The Ladies Professional Golf Association has backtracked on its policy that it would suspend golfers in the LPGA Tour who can't speak English well enough to be understood in interviews and making acceptance speeches, according to a Sept. 6 article posted at globeandmail.com (and another article published the same day in the Los Angeles Times). The tour commissioner says the policy will be revised by the end of the year. Fines for players unable to speak English could still be an option, however. (ImmigrationProf blog was on top of this before me.) Critics viewed the policy as discriminatory against ...


In a commentary published Friday at edweek.org, Joanne Jacobs, an education writer and blogger, draws attention to how long-term English-language learners can end up being shut out of a challenging curriculum. If he’s not reclassified by middle school, José may sit through the same English-language-development classes he took in elementary school, classes designed for newcomers. He may leave the mainstream to take classes taught in simplified English. Expectations are low. Performance is lower. The dropout rate is astronomical for long-term English-learners, sometimes known as “lifers.” There's that word "lifers," again, which I really hate to hear anyone use ...


Arizona papers have reported recently on state Superintendent of Public Instruction Tom Horne's claims that the state's new method of educating English-language learners is working (here and here.) The state is enforcing a mandate this school year that ELLs must be taught in separate classes for four hours a day to learn specific English skills, such as vocabulary and grammar. I reported and wrote a story about the new approach, "Arizona Still Grappling With Balance on Mandated ELL Instruction," for this week's Education Week. I didn't, however, report on Mr. Horne's press release because I received it as my story ...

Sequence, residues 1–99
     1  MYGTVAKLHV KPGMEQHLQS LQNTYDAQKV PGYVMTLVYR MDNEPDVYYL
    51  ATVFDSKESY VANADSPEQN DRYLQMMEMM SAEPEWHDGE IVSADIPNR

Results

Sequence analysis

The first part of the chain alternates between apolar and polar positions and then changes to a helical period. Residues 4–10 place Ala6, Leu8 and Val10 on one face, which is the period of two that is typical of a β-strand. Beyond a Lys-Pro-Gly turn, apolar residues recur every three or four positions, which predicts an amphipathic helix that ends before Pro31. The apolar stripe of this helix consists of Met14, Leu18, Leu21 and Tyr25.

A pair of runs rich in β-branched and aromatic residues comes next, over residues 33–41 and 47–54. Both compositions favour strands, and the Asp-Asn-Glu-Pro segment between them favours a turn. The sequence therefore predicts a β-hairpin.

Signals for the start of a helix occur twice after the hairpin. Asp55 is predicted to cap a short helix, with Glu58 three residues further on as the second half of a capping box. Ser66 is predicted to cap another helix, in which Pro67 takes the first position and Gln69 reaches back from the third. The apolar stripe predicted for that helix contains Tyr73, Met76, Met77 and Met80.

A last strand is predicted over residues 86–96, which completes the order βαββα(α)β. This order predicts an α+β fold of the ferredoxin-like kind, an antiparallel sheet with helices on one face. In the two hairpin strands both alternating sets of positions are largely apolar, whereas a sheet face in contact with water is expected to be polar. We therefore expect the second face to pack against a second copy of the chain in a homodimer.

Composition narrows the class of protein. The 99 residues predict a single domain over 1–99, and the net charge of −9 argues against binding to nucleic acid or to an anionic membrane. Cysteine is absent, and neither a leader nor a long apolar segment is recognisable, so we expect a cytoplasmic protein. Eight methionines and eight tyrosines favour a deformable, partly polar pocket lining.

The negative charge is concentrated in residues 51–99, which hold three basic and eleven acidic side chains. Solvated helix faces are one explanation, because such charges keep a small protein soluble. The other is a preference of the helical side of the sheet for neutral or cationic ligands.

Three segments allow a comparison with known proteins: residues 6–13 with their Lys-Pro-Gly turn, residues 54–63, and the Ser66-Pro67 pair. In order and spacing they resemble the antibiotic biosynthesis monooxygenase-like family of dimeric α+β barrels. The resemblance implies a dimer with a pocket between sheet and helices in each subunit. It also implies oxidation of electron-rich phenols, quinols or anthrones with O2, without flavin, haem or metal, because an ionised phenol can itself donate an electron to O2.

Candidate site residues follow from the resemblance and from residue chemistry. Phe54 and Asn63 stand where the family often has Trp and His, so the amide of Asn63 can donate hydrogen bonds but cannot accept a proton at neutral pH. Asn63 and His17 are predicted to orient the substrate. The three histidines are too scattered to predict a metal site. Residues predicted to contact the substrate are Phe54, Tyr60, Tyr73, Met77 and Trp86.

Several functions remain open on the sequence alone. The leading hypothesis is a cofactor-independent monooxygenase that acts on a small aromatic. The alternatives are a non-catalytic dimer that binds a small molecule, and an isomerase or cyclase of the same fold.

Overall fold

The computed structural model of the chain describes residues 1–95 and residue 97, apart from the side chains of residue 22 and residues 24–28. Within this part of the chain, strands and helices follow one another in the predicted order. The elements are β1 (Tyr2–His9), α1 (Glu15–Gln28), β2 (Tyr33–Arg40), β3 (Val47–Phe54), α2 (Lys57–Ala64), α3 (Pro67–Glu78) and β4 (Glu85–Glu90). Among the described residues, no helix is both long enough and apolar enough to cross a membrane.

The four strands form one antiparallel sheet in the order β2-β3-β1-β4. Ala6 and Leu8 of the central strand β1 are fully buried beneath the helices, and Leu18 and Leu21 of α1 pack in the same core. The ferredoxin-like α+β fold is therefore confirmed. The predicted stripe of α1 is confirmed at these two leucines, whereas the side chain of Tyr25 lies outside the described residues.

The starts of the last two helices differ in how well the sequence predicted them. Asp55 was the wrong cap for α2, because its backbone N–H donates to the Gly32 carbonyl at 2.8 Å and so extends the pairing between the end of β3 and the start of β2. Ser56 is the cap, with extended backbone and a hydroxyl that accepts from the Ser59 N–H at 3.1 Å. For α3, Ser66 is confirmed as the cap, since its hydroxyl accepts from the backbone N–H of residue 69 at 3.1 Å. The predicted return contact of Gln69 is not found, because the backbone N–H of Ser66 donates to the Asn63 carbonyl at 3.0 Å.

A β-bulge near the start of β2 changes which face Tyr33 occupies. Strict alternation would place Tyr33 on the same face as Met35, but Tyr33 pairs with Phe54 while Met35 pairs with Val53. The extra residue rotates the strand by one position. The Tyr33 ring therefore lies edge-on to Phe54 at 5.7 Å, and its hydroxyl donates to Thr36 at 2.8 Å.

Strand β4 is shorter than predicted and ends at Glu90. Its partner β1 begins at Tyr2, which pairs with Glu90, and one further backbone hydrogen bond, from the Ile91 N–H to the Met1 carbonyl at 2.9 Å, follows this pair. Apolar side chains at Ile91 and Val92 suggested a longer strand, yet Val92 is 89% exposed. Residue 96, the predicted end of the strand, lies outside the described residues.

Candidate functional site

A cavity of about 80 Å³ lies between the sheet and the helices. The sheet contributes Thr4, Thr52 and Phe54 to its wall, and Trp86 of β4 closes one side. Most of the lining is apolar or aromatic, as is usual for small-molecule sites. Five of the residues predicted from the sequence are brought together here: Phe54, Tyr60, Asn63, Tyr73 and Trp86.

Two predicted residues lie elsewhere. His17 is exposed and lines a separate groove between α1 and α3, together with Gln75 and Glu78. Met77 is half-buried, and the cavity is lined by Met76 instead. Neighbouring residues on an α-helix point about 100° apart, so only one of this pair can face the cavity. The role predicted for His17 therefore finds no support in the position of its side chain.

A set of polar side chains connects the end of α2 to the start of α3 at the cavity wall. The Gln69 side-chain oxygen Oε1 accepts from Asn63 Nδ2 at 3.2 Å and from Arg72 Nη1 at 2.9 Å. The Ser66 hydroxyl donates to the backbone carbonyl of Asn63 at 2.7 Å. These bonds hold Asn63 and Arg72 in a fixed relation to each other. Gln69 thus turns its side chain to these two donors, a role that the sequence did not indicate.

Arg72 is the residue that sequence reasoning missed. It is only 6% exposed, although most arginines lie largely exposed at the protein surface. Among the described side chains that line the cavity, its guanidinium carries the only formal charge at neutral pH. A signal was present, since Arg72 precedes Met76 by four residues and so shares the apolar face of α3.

While I try to place some calls to Republican Party leaders and see if I can find out what they mean when their party platform advocates an "English First approach" for schools, let me leave you to ponder these two very different opinions about what role English should have in this country. First, I excerpt a comment posted on this blog this morning by Juan D. Garcia, an educator in a K-12 school system in California: If "ALL English" were the solution, we [educators] would have succeeded long ago. Most "minority" students for the past 60 years have always been ...


The education scene for English-language learners in Arizona looks a whole lot different than it did in 1992, when a lawsuit about such students, Flores v. Arizona, was filed in a U.S. District Court in that state. For instance, the state now complies with accountability requirements for the education of ELLs under the federal No Child Left Behind Act that didn't even exist back then. And it has increased its spending on programs for such students. But the district court has been rigid in sticking by an eight-year-old ruling that the state doesn't provide adequate funds for ELLs. What's ...